The democratic process

The democratic process

It is imperative that we participate in the democratic process, now more than ever.  As the world is often more interested in profit than people or planet, it is our duty to represent ourselves against corporate interests.  That means paying attention to local issues, writing letters to the editor, sending letters to government and attending public input forums.

I got the opportunity this summer to be involved with an important issue in Bradenton, Florida.  A pair of developers wish to take the longest untouched stretch of Gulf of Mexico coastline in the area and build a giant development on it – basically a small city.  To do this, they would like to change the rules that other developers have had to play by for the past 20 years or more.  That means changing some text in the Comprehensive Plan and changing the accompanying Future Land Use Map.  They want a higher density of commercial development and the ability to build a marina, the impact of which would be irreversible damage to the local marine environment.

In order to build local opposition to these county rule changes, I spent some time with other volunteers gathering signatures on petitions that would be presented to the county commissioners.  This exercise really raised awareness of the issues.  I, along with hundreds of others, wrote letters to the commissioners, which were entered into the public record for the issue.  Then, we encouraged everyone to show up at the meeting where these issues would be decided.

I prepared a presentation to give during the 3 minutes each individual is allowed to speak at the meeting of the county commissioners.  I’m a bit terrified of public speaking, so you can imagine how thrilled I was that this meeting was moved to the convention center.  It was huge inside, and almost 1000 people showed up.  That’s what I call participation!

Manatee County Commission

Democratic participation

The meeting started off with a report from the county on the issues.  We felt pretty optimistic after this as the two county attorneys seemed to be saying they should just say no.  The county report and the subsequent questions took several hours and was followed by the developers’ report as they were the applicants who had requested the changes.  They predictably said that their development along the shoreline would produce a “net environmental benefit.”  That is often developer code for “we will try some mitigation attempts that will not work or be completely useless.”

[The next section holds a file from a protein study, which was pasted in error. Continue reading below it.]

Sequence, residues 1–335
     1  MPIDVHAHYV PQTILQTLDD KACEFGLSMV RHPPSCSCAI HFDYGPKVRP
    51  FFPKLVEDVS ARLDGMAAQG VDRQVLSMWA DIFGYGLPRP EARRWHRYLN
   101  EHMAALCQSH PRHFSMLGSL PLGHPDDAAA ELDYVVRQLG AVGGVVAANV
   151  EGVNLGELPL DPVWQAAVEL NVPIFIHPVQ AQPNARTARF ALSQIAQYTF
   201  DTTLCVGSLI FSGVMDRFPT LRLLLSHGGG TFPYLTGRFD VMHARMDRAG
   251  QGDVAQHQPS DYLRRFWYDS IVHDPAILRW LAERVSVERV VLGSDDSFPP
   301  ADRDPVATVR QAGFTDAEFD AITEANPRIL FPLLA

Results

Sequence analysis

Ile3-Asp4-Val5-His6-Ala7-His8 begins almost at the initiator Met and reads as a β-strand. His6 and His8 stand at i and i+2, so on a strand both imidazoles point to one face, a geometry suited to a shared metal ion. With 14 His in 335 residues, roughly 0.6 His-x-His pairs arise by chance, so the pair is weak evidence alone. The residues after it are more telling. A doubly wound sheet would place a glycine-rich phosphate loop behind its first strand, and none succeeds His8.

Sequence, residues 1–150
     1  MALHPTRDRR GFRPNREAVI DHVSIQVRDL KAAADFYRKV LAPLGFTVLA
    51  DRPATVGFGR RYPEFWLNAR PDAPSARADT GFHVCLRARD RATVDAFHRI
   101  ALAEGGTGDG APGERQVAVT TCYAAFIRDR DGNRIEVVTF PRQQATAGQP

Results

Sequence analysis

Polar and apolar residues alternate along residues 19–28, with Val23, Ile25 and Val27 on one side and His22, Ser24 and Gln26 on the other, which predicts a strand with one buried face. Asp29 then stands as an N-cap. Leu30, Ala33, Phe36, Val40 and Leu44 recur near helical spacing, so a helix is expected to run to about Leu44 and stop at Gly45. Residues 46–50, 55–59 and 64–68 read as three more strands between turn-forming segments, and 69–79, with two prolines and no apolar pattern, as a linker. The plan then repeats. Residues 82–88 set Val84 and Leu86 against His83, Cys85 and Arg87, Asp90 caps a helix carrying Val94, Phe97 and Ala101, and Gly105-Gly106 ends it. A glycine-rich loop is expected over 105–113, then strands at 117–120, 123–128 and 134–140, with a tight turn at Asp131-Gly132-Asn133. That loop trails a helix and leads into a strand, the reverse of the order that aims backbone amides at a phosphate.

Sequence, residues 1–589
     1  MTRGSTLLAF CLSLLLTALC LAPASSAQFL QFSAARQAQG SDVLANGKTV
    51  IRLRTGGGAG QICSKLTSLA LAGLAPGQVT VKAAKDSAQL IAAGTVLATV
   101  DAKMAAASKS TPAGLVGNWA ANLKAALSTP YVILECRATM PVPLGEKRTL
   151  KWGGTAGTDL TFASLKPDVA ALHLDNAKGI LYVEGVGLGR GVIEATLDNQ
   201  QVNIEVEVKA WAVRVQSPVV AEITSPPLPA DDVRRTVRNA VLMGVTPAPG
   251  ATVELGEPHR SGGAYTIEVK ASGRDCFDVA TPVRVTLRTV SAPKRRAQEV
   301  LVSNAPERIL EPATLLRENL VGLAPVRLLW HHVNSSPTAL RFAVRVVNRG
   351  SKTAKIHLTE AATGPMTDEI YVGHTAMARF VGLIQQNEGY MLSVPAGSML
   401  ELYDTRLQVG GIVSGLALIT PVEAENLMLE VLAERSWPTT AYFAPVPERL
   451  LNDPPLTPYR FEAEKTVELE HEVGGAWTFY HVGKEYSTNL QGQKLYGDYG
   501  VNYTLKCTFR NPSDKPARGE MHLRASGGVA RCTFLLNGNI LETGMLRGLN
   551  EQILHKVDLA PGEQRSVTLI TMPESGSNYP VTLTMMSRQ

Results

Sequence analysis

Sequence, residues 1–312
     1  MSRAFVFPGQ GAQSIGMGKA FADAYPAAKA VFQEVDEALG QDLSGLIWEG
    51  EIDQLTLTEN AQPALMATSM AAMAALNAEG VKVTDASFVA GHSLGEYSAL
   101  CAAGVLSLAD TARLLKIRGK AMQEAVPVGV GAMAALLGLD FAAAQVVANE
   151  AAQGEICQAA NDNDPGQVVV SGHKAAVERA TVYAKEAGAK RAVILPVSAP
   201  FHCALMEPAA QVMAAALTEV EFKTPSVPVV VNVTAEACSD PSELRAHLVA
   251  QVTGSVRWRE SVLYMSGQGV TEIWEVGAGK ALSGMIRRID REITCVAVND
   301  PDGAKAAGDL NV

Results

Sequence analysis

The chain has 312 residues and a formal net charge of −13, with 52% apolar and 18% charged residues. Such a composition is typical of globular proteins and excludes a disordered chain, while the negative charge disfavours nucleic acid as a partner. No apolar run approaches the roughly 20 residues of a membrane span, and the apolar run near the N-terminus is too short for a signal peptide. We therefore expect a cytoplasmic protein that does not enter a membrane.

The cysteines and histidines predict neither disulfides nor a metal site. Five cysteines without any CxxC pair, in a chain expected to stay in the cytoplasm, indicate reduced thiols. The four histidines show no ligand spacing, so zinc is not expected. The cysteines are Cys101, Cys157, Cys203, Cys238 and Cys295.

Net environmental benefit

Around four hours had passed before it was time for members of the public to speak, and my group did not speak until about 8 hours into the meeting.  By that time, the moderator had asked several times that people not repeat what others had said, so I had pared down my talk to three slides and added some handwritten notes to the front.  Below are Justin Bloomer of Suncoast Waterkeeper, myself and Charles Kovach who was our resident scientist this summer.

Justin Bloom - Suncoast Waterkeeper

Elsie Gilmore - Master of Environmental Law & Policy

Charles Kovach

On a geek note, I had printed my presentation notes to a PDF and put them on my tablet to refer to.  During the first 8 hours of the meeting, I was able to annotate the PDF in real-time using ezPDF Reader so they’d be accurate during my talk.  I was really impressed with the editing capabilities.

I left the meeting around 10:00 p.m., and there were probably still at least 100 people there.  It lasted until 2:00 a.m., and the vote didn’t go entirely our way.  The result is that this matter is far from over, which is the case with so many environmental issues that come to the table.  The work of an environmental activist is truly never done.  However, we do make progress.  And we can influence outcomes if we band together in numbers.  So, I urge you to get or stay involved with your local political process.

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